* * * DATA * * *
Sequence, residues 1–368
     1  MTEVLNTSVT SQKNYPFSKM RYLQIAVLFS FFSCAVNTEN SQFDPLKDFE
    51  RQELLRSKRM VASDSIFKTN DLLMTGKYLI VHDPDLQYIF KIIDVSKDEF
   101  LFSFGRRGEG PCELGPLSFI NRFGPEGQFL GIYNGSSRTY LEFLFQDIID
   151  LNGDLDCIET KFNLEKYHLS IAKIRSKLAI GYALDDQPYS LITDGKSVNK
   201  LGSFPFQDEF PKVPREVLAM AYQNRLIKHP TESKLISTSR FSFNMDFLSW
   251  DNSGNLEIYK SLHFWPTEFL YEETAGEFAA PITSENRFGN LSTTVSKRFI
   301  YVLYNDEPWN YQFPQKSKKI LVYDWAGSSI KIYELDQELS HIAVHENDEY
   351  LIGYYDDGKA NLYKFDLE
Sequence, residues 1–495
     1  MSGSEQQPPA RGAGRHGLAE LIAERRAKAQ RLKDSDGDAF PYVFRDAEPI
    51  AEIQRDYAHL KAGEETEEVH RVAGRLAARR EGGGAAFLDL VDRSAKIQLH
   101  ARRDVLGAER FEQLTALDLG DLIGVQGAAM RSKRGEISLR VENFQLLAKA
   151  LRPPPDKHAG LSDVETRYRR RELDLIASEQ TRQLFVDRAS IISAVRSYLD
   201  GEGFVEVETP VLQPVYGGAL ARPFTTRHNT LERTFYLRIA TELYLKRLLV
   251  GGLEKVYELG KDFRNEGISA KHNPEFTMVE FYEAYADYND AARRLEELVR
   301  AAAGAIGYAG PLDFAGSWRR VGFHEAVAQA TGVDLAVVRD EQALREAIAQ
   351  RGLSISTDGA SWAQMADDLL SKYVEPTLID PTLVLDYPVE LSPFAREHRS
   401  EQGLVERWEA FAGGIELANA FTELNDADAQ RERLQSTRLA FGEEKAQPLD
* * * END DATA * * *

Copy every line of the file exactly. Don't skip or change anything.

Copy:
Sequence, residues 1–368
     1  MTEVLNTSVT SQKNYPFSKM RYLQIAVLFS FFSCAVNTEN SQFDPLKDFE
    51  RQELLRSKRM VASDSIFKTN DLLMTGKYLI VHDPDLQYIF KIIDVSKDEF
   101  LFSFGRRGEG PCELGPLSFI NRFGPEGQFL GIYNGSSRTY LEFLFQDIID
   151  LNGDLDCIET KFNLEKYHLS IAKIRSKLAI GYALDDQPYS LITDGKSVNK
   201  LGSFPFQDEF PKVPREVLAM AYQNRLIKHP TESKLISTSR FSFNMDFLSW
   251  DNSGNLEIYK SLHFWPTEFL YEETAGEFAA PITSENRFGN LSTTVSKRFI
   301  YVLYNDEPWN YQFPQKSKKI LVYDWAGSSI KIYELDQELS HIAVHENDEY
   351  LIGYYDDGKA NLYKFDLE
Sequence, residues 1–495
     1  MSGSEQQPPA RGAGRHGLAE LIAERRAKAQ RLKDSDGDAF PYVFRDAEPI
    51  AEIQRDYAHL KAGEETEEVH RVAGRLAARR EGGGAAFLDL VDRSAKIQLH
   101  ARRDVLGAER FEQLTALDLG DLIGVQGAAM RSKRGEISLR VENFQLLAKA
   151  LRPPPDKHAG LSDVETRYRR RELDLIASEQ TRQLFVDRAS IISAVRSYLD
   201  GEGFVEVETP VLQPVYGGAL ARPFTTRHNT LERTFYLRIA TELYLKRLLV
   251  GGLEKVYELG KDFRNEGISA KHNPEFTMVE FYEAYADYND AARRLEELVR
   301  AAAGAIGYAG PLDFAGSWRR VGFHEAVAQA TGVDLAVVRD EQALREAIAQ
   351  RGLSISTDGA SWAQMADDLL SKYVEPTLID PTLVLDYPVE LSPFAREHRS
   401  EQGLVERWEA FAGGIELANA FTELNDADAQ RERLQSTRLA FGEEKAQPLD